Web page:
On September 14th Megan Murphy wrote in the FT about the delicate art of post-merger integration, highlighting the speedy moves by Nomura to integrate the European and Asian assets of Lehman Brothers. Scary! Now whether you are acquiring a Billion dollar business or a small bolt on acquisition, integrating quickly is often the key to success.
- Chair a meeting of the integration team and create a master to-do list broken down into themes including key items that arose in due diligence. Allocate a manager, for each theme. Be realistic with timetables. Break items down into executables within 30, 60 and 90 days. Below are some ideas to get you started:
- Get control of the bank accounts, including check signatories and authorization limits. Ensure all accounts are receiving the best group interest rate now that the target is part of a larger entity.
- Establish operating budgets including capex with authorization guidelines.
- Establish a new management information pack timetable. In the early stages of integration – metrics will be key.
- Review balance sheets for adequacy of provisions.
- Drive through planned cost savings quickly and effectively with clear communication. Demonstrate leadership.
- Establish a reporting structure to ensure continuing trading is seamless.
- Review reward structures to ensure continuity of management especially if an earn-out excludes some key people.
- Anomalies between acquirer and target sales commissions will require urgent action as sales teams talk.
- Do a quick and dirty review of problem employment contracts and put resolutions in place to minimize exposure.
- Organize immediate training related to closing sales and keeping customers happy.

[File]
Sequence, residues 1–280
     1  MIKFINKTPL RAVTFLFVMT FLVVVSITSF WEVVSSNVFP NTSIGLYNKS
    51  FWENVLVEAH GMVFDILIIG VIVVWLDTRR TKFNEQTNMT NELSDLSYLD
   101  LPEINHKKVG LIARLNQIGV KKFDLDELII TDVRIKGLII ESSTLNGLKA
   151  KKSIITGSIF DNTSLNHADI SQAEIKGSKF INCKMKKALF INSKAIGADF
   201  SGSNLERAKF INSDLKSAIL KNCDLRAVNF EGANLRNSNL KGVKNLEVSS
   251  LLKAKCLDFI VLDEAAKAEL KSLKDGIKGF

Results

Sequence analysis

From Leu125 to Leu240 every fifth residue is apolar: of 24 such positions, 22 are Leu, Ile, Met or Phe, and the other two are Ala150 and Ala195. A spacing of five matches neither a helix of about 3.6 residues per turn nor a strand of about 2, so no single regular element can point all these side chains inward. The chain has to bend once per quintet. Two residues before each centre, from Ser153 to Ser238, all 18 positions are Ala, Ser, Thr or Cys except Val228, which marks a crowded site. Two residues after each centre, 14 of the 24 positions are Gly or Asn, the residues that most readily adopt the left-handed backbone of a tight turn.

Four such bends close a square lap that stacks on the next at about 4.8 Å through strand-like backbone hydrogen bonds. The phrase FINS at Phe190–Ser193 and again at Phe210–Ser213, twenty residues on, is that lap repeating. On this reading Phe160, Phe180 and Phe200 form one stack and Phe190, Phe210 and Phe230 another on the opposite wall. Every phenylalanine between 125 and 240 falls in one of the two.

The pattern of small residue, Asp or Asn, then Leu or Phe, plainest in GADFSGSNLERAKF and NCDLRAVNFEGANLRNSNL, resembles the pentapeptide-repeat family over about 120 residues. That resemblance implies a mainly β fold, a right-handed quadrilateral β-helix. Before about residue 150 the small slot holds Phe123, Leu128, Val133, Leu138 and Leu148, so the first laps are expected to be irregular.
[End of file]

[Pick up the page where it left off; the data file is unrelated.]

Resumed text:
- Establish a key meetings schedule to allow free and timely flow of information.
- Establish a clear understanding of the authority levels of the target’s leadership team.
- Deal with exposures revealed by due diligence, prioritizing those related to keeping the trains running!
- Articulate an operational plan for merging disparate systems or at least to allow them to “talk” to each other.
- Lock down the security around customer databases to ensure recent departed staff can’t access vital information.
Sales & Customers
- Ensure live deals under negotiation are not disrupted by the acquisition.
- Cleanse all sales forecasts ASAP and integrate the revised version into the group cash forecasting system.
- Review cross selling opportunities between key customers of buyer and seller.
- Communicate often and clearly with staff and key stakeholders externally, especially key customers.
- Visit key customers to articulate the strategy of the merged group and why it’s good news for that customer. (hopefully a “Lite” version of this would have been done during due diligence.)
- The sellers will have signed off on the joint press release on the deal. This is a great opportunity to motivate staff and impress existing customers with the correct tone of message.
- Set a timetable for all web site changes and allocate a webmaster to drive the project.
- Collateral may need to change to reflect the new products of the merged entity.
- Don’t miss the opportunity to articulate the enhanced business result that will be achieved for your customers due to the increased resources of the merged group.
- Draw up a detailed checklist of leases, obligations, trade contracts, employment contracts, IPR, change of control provisions and articulate any commercial issues that require decisions by the leadership team.
- Note if an earn-out formed part of the deal, there may be quite onerous conditions regarding managing the newly acquired company. These will need to be factored into the integration plan.
- Insurance and risk exposure reviews should be conducted as a high priority.
- Tax and accounting matters related to regulatory compliance may require urgent action.
Overall, the key message is to be prepared and to execute the integration with confidence. The worst thing you can do is to procrastinate. Make your acquisitions a success and remember nothing succeeds as planned but failing to plan is planning to fail.
The success or failure of any acquisition deal is governed not so much by what you buy, but what you do after you’ve bought it, and how well you do it. You have organize a great checklists. Thanks for sharing.